“One of your best friends died.” I was surprised to find these words written on a piece of mail in my otherwise empty, temporary office mailbox. I was in Mexico City on a three-month surgical elective between my sixth and seventh year of residency. The original message was left on the department administrator’s answering machine at the university where I was working. There was no clue as to who or where it was from.
I panicked thinking of who it might be, having trouble sleeping or thinking about anything else. I became obsessed, making a list of possibilities in my head, while searching my heart for any signs. This was before the time of email and cell phones, which now afford instantaneous communication. It would have taken me at least 10 days to send queries to my friends through an aerogram, or prepaid airmail letter. How was I to even send this grave question of mortality to my friends through a letter, not knowing who might receive it as solace or shock? I felt awkward asking the department administrator if I could use her phone, as if this news somehow reflected a tragic flaw on my part.
Since there was no ham radio that I knew of at the university in Mexico City, I went to a phone center in town to call home. The front desk employee placed my long-distance call, as I proceeded to walk down a narrow corridor lined by small booths on either side. I entered my assigned cubicle and answered the black rotary dial phone buzzing on a tiny table. I heard clicks on the line that represented a charge of several dollars per minute. All was well with my family. Who could this best friend be?
After many sleepless nights, I decided to leave Mexico early to solve the haunting mystery. First, I arrived in Los Angeles. I didn’t tell anybody that I was coming. One of my best friends in college was living with her parents in a very fancy neighborhood on San Vicente Avenue. The large circular driveway was walled and gated with an electronic intercom. When nobody answered, I proceeded to climb over the wall, ascending and descending its thick-trunked vines. The police quickly arrived on the scene. Apparently, her father was a famous lawyer who was in the midst of prosecuting some organized crime figures. There had been several death threats. Luckily, my friend came home while the police were questioning me and helped convince them to release me. I found out that nobody in our group of friends had died or was even sick. The strange message was still nagging at me.
Next, I flew to San Francisco to see my parents. They were excited to see me, even as a surprise visitor. Leaving California, I flew to Cleveland, where I went to medical school and trained in general surgery. I called a friend from the airport this time to announce my arrival. Her father also happened to be a big-time lawyer in charge of Italian immigration in the area. She told me about a time when her dad was in New Orleans and went to a restaurant famous for a menu that equally insulted all nationalities with derogatory names for its meals. He wasn’t amused, so he sent the menu to the American Italian Anti-Defamation League in Washington, D.C., and within a few days, that restaurant reportedly burned to the ground under suspicious circumstances. I had no idea if that story was true, but I did find out that all of my friends from medical school and residency in Cleveland were healthy. I checked more names off my list. At the same time, I refreshed dear relationships with family and friends, which the ominous message no longer allowed me to take for granted.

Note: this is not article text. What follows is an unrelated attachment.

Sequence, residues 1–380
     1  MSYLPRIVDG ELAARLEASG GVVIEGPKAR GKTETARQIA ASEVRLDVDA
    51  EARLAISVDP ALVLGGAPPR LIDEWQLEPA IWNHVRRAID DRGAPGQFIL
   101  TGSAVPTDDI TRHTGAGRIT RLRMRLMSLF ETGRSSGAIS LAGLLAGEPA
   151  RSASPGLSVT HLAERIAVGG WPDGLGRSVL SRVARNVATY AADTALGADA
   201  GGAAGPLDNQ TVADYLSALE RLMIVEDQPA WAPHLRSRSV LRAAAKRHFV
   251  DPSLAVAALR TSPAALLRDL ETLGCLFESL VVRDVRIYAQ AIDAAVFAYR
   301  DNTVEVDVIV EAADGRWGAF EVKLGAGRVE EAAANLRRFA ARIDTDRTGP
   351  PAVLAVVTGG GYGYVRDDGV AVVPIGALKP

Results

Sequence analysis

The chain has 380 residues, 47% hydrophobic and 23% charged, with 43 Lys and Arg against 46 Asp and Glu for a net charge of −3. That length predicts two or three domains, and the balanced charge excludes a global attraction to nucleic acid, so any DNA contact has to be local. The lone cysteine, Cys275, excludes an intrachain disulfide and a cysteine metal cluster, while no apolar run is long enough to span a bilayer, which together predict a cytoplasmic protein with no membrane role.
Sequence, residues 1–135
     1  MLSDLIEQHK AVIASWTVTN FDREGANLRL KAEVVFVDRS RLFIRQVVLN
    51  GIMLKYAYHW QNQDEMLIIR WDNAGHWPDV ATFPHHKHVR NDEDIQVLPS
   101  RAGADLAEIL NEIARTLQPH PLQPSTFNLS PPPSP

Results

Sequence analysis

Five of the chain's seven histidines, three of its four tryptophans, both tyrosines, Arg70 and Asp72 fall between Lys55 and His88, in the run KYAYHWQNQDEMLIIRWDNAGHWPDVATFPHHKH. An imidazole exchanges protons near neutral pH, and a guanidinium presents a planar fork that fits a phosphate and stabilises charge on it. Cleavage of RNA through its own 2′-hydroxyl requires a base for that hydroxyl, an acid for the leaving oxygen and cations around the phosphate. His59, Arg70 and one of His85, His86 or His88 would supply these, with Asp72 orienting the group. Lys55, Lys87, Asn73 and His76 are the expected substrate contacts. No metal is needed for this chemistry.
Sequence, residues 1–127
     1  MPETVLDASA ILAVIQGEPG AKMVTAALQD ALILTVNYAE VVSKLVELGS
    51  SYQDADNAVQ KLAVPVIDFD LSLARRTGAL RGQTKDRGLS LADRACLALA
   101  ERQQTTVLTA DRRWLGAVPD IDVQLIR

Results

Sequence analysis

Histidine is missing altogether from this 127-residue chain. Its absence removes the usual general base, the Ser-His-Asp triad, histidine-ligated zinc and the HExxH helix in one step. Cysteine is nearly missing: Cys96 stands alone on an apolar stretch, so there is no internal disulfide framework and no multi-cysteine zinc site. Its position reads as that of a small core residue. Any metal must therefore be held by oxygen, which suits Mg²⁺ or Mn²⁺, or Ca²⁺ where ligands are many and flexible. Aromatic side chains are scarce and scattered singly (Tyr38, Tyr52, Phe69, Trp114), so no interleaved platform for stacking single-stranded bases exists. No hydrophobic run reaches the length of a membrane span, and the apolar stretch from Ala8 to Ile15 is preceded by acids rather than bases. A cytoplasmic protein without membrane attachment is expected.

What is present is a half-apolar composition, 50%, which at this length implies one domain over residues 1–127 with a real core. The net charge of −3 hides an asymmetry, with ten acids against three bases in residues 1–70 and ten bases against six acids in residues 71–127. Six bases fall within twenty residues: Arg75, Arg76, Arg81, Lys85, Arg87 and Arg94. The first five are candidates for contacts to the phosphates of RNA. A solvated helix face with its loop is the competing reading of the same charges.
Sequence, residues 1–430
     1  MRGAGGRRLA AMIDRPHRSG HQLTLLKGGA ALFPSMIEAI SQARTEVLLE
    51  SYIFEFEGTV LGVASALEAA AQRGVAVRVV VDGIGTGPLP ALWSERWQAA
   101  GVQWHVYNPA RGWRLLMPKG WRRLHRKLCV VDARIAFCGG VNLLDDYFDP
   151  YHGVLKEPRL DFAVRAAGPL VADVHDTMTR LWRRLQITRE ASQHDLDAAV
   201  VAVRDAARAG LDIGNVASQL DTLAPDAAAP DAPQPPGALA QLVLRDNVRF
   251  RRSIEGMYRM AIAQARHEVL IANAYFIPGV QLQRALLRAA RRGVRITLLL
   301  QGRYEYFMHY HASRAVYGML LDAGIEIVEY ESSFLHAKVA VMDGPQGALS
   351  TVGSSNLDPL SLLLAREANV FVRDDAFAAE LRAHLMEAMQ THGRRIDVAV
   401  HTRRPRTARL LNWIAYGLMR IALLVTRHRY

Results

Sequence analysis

On to Massachusetts, where I was completing my residency. Sleep came easily from pure exhaustion. I was so busy that I mostly forgot about the message. But about six months later, I received a phone call with an area code that I recognized as from Cleveland. It was the wife of one of my patients whom I had helped take care of as an intern and again as a third-year general surgery resident. We had become very close. He often shared with me his fears and the newfound perspective revealed to him when faced with possible death. His wife asked me if I ever got the message while I was in Mexico, that her husband, my friend, had finally died of stomach cancer.
As a resident and surgeon, I tried to treat every patient as if they were my family or friends. My 6 1/2-day work weeks afforded me the opportunity to develop a doctor-patient trust and continuity that were a huge part of what gave me satisfaction in my chosen profession, but are now becoming outdated concepts. As a burn and cleft surgeon, I followed most of my patients for decades and have many great memories of patients as friends. I had the privilege of doing a burn scar revision on a lovely 18-year-old woman, 16 years after caring for her original burn as a toddler. I also repaired a cleft lip on an infant whose mother’s cleft I had repaired 21 years before. Likewise, I followed my cancer patients for life. Now that I am retired, these relationships are what I remember and cherish most about my 40-year career.
Dr. Gary Fudem is a retired plastic surgeon and burn surgeon. He spends his time writing both creatively and academically, reading, fly fishing, and dreaming about fly fishing.
Illustration by Jennifer Bogartz